The consequence of such reasoning is visible in the pawn formations. We move from the classical, symmetrical structures to new, restricted central set-ups, more flexible and increasingly distant from the traditional ideal.

The Post War Soviets

In the 1940s and 1950s two young Soviet grandmasters and candidates for the crown, David Bronstein and Isaak Boleslavsky, evolved a new concept of the center. They recommended that Black should cede the center to White. Occupying it with pawns or controlling it with pieces takes time, and time should be invested differently. Black should finish his basic development as quickly as possible, allow White to build a full pawn center and then undermine that center, trying to bring about a blockade. When the center is blocked and its dynamic strength diminished, Black shlould rely on side-blows to seize the initiative on the wings. The King's Indian and the related systems can be used for this.

It is a curiosity sui generis that in the atrocious years of the Second World War chess life in the Soviet Union did not die. On the contrary, many important events were organized and a tremendous amount of work was invested in chess theory. Once the war was over, the outside world had to face a new generation of remarkable players, playing some new, unknown ideas.

When discussing the epoch of the great romantic players Paul Morphy and Adolf Anderssen, we noticed that open games, gambits in particular, often characterized by the open center, marked the whole period. It was common and typical for the central pawns to be exchanged in the early phase of the game. We could ascribe the phenomenon to the generally accepted view of the game of chess as an uncompromising encounter between two gentlemen, but we cannot overlook the influence of theoretical fashion, which always tends to cast games of chess in the same mold.

Open games were the order of the day, the King's Gambit reigning supreme among them. In order to seize the initiative and attack, a pawn sacrifice was seen as a promising investment. A gambit fuelled the attack, quickening the pace of development. Only decades of experience would later show that on its own a sacrifice is not enough.

If the position is closed, then slow maneuvers may become necessary. The romantic period was too impatient for that. They wanted to unleash an attack and unleash it at once. To do so was a matter of honor and the chess master of the epoch launched it as soon as basic development was complete. He launched quick, sudden attacks, never stopping for risks of any kind. His aims, however, could not be realized without an open or at least semi-open center. Only when the central squares were free of pawns, the major pieces on the files and the bishops on the diagonals would such an attack be launched. The major pieces penetrated via the open central files, the bishops crossfire swept the center, while the unrestrained mobility of the minor pieces enhanced the dynamic options. The scene of action was often additionally nourished by opposite-side castling, easing the concentration of forces and their movement.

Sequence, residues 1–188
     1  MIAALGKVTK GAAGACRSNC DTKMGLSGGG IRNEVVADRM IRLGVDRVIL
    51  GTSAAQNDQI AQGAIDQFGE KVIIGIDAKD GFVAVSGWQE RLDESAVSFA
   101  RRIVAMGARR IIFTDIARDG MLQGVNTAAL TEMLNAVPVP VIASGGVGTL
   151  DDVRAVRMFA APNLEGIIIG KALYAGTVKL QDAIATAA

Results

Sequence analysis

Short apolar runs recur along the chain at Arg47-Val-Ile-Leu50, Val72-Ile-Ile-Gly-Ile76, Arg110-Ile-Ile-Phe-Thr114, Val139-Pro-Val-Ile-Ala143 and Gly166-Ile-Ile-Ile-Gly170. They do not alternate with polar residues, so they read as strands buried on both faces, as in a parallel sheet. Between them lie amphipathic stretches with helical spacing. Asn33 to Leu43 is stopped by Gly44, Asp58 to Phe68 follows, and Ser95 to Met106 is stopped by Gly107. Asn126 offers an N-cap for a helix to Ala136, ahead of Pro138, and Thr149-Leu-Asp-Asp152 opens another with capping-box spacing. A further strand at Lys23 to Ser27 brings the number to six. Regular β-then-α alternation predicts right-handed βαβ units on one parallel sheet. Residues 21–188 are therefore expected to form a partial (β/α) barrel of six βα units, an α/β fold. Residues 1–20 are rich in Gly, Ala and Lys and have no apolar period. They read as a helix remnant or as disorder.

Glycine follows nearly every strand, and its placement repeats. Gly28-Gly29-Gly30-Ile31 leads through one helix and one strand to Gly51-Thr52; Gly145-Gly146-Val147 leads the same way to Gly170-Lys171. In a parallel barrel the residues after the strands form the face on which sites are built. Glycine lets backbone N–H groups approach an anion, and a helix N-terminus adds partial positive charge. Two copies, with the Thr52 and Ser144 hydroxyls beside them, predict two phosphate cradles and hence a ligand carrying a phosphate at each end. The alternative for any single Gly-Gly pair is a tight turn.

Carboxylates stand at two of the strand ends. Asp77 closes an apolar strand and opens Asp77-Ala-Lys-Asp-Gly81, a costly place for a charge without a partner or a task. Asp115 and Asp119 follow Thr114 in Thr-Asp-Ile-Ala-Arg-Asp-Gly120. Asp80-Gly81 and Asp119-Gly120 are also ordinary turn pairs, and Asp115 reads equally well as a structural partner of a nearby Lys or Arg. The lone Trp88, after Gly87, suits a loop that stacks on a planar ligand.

The short, typical games of the 19th century emphatically display all these traits. What they taught later generations was the method of play, based on accelerated development, easy maneuvering in the open space, the strength of pieces acting in concentrated harmony and, above all, the value of time. Also was developing was an awareness of the importantance of pieces gaining strength acting in concentrated harmony with pawns. All 20th century masters had to do was play with the sagacity of their predecessors to take advantage of the possibilities offered by the open center. It is not only the narrow territory of gambits, but a wide range of openings, including the closed games too, where the same methods prove valid.

Conclusions

After looking at the games of Morphy, Anderssen, Bogoljubow, Rubinstein, Nimzowitsch, Alapin, Spassky, Fischer, Tal, Alekhine, Kasparov, Ivanchuk, Keres, Winawer, and Steinitz we could say that the open center is a simple phenomenon. Open space, in which no pawns bar the freedom of movement, sets an ideal scene for piece activity. In particular, long ranged bishops on the diagonals crossing the center thrive in this environment, but so also do the major pieces pressing down the open files. That same absence of barriers multiples the possibilities and accelerates attacks, which with the closed center could take the form of slow maneuvers. Here there is no time for maneuvers. Attacks are necessarily quick, precisely directed, concentrated on a precise motif. In such circumstances the element of time becomes a major factor. Consequently, the struggles to gain a lead in development and for the initiative are distinctive characteristics of all the games in the open center survey. It is not by chance that a queenside castling reappears game after game, as it speeds the process of development and quickly creates the conditions for an attack.